This second part of the film takes place almost two years after Thaddeus Sivana and a new danger appears on the horizon with the presence of the three daughters of the Titan Atlas (Hespera, Kalypso and Anthea) who seem to want to impose their power on earth. While Anthea proves to be peaceful and non-violent, her two sisters do not hesitate to use force and magic, especially to recover the broken staff of the Sorcerer in the Acropolis Museum in Athens, Greece, played again on screen by actor Djimon Hounsou. Billy Watson (Shazam) and his adopted siblings who have acquired magical powers do not seem to have fully mastered them yet and especially do not manage to put their strength together to face significant dangers.
However, they will have no choice but to face Hespera and Kalypso together as long as they have not stolen their powers. While these daughters of Atlas have succeeded in bringing many creatures of Greek mythology to the city of Philadelphia and benefit from the presence of a gigantic dragon, Shazam will have to fight perhaps his greatest battle and above all go to his last breath to make the good win. We won't say more, but Shazam, Rage of the Gods could have been even better than the first part if it had benefited from a more sustained rhythm, more striking scenes and especially if it had been able to find the humor of the first part.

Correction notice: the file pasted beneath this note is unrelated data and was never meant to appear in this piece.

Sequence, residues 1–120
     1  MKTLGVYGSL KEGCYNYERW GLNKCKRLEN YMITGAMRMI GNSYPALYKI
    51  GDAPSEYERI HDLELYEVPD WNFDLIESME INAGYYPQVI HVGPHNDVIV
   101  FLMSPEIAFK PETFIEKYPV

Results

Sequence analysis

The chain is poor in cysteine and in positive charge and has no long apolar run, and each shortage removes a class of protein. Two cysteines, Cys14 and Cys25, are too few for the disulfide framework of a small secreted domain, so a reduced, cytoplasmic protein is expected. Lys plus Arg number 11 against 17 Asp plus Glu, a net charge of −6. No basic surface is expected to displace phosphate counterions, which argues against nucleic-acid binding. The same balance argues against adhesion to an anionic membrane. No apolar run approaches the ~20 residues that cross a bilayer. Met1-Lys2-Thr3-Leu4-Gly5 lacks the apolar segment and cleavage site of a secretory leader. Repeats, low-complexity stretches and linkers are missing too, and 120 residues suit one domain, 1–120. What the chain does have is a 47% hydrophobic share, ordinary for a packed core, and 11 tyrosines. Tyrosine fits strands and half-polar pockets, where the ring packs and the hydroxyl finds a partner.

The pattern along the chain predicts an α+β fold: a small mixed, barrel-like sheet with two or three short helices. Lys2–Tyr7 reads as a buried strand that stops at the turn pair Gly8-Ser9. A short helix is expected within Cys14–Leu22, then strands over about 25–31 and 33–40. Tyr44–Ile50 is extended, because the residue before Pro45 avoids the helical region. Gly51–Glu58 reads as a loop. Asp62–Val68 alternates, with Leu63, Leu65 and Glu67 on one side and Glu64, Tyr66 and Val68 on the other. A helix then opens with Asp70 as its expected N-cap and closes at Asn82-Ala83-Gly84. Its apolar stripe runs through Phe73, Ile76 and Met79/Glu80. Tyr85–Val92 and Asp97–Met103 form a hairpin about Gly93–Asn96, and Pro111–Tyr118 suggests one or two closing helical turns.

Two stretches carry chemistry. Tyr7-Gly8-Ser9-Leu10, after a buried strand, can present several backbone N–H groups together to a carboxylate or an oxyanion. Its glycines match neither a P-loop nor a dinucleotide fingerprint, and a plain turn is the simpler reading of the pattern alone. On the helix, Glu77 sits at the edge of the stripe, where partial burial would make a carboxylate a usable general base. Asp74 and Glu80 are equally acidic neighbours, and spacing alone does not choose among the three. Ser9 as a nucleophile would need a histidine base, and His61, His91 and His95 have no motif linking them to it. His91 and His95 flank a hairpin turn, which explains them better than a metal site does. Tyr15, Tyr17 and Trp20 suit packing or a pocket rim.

Despite the fact that the director David F. Sandberg remains irreproachable on his direction and succeeds in showing once again that he is as comfortable in action scenes as in more dramatic moments and that Zachary Levi is still excellent in his role and the contribution of the presence of the actress Rachel Zegler, who radiates with her presence on the screen, we are missing a little grain of madness that could have made this film a major success of the DC cinematographic universe. In the same way the scene with Wonder Woman could have been even more successful without the shaggy music that accompanies her appearance on the screen especially since Gal Gadot is not only a superb actress but is the perfect interpretation of Wonder Woman and it will be impossible to do better and replace her in the rebuilding DC universe.